New Connecticut program targets medical fraud

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Connecticut signed a three-year contract with 21CT, Inc. to provide anti-fraud technology that could save the state’s taxpayers $170 million, Gov. Dannel Malloy announced.

The new program is designed to stop fraud in state programs, including the Medical Assistance program, which is expected to see an increase in users because of the Affordable Care Act.

“We owe our residents and businesses the assurance that our programs have the integrity they demand, while dedicating resources to people who really need them,” Malloy said. “Whether beneficiaries or providers, people who defraud Medicaid are engaging in criminal activity. They should be caught and prosecuted. We will work diligently to recoup what they stole.”

The state budget anticipates $65 million in recoveries and cost avoidance from the anti-fraud effort this year, and $104 million next year.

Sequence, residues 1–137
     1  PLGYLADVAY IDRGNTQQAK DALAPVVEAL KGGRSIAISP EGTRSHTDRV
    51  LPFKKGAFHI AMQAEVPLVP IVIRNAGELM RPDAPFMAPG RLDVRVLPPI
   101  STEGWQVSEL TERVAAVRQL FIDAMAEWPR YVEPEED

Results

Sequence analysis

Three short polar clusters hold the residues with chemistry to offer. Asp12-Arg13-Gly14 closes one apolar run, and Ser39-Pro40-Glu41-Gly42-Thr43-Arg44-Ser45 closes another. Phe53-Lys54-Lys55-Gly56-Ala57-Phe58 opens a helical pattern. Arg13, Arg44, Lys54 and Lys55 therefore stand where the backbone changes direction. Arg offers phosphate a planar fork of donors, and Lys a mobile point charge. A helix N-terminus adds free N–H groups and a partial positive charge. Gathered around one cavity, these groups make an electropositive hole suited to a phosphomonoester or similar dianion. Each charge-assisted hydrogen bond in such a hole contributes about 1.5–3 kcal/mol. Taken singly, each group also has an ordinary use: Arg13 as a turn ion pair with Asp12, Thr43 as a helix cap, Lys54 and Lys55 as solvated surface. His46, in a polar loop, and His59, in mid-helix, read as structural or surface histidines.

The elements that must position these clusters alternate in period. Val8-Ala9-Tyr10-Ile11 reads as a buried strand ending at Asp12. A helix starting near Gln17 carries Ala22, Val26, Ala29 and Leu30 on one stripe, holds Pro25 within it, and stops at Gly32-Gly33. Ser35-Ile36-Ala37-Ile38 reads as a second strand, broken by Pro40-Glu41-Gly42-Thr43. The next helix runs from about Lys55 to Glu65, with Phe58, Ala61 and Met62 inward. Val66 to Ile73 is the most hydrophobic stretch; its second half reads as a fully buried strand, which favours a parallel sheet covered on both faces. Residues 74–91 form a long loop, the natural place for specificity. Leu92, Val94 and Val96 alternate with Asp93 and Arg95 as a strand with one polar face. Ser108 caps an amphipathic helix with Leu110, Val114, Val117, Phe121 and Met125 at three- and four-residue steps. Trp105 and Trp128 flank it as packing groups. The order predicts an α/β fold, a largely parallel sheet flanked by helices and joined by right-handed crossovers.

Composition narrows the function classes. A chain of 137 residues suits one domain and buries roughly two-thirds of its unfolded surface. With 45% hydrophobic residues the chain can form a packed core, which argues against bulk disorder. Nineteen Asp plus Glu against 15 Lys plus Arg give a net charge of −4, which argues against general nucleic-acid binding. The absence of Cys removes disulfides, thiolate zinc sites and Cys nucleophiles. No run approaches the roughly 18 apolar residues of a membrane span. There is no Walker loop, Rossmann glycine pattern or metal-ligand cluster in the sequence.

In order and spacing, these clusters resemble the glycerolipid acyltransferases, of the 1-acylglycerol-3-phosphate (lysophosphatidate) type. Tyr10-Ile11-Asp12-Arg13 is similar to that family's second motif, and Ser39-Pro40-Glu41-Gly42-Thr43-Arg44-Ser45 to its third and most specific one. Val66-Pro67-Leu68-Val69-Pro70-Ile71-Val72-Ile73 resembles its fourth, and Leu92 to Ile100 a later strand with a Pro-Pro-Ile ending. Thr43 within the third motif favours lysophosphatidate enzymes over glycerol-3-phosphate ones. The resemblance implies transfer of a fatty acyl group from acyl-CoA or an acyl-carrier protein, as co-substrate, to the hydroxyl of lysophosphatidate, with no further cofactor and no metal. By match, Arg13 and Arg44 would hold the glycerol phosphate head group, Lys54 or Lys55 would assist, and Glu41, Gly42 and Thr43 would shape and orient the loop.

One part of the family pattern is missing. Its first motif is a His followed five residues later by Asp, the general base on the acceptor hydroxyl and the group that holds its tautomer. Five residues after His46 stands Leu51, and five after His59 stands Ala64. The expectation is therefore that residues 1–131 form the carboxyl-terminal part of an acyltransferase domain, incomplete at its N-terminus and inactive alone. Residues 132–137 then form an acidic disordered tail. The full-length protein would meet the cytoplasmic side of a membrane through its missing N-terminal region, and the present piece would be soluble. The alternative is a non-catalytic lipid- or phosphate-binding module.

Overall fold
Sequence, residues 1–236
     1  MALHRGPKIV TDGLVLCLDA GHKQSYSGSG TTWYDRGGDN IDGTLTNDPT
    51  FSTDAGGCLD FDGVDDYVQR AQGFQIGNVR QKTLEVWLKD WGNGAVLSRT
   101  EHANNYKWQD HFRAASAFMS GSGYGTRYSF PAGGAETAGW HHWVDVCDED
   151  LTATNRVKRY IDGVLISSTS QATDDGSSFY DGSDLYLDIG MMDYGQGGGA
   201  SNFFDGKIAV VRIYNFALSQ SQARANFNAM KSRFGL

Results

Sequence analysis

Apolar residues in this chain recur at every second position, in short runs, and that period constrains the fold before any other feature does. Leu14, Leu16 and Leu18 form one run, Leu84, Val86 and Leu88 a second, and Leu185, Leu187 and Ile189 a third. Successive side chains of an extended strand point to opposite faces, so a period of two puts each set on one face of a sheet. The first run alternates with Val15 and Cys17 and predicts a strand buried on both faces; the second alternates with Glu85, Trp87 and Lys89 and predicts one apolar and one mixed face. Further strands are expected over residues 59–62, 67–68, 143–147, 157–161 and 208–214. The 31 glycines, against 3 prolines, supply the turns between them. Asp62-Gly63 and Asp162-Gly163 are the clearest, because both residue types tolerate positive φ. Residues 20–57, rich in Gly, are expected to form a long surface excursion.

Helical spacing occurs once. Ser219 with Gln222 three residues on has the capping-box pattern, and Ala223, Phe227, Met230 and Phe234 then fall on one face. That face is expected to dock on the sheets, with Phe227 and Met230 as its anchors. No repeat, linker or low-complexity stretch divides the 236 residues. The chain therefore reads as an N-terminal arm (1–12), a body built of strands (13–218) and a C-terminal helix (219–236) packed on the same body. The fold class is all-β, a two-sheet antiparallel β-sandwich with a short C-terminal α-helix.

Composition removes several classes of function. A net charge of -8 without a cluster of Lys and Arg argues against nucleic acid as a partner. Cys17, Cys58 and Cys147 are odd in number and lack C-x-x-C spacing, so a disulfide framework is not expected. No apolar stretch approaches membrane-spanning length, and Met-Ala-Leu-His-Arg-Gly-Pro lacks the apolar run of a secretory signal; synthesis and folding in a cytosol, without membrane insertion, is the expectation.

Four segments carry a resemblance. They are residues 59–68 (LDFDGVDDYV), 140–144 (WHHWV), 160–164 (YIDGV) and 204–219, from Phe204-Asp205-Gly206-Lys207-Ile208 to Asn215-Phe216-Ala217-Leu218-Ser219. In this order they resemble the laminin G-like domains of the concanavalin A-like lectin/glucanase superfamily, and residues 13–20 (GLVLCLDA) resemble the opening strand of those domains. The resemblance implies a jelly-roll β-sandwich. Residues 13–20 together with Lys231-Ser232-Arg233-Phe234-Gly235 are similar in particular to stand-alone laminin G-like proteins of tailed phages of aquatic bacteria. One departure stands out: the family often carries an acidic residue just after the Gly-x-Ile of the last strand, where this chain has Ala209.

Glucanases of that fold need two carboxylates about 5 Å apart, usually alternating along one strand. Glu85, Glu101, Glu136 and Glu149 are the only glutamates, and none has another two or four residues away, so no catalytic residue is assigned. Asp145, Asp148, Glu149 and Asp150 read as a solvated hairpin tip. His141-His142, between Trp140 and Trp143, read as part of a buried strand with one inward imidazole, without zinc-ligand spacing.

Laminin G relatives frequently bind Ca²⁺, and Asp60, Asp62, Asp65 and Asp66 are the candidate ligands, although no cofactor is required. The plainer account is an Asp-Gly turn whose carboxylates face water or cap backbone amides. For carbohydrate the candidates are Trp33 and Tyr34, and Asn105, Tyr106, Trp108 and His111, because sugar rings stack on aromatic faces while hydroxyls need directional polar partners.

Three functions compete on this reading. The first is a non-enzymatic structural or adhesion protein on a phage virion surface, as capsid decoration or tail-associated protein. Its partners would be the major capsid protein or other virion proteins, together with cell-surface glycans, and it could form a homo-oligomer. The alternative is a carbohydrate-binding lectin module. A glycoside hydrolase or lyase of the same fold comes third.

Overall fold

It is anticipated that over time, additional state agencies and their data will be added to this initiative with a resultant expansion of the scope of work.

As Connecticut spends billions of dollars for health care services through Medicaid, Malloy, the state’s Office of Policy and Management and DSS have made the reduction of fraud a priority. The initiative is part of the state budget negotiated with, and passed by, the General Assembly earlier this year.

OPM Secretary Ben Barnes added massive data sets and ever-changing fraud schemes make it extremely challenging for state agencies to keep up with this work on its own, but he hopes the contract signed will alleviate these concerns.

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Connecticut, Dannel Malloy, States
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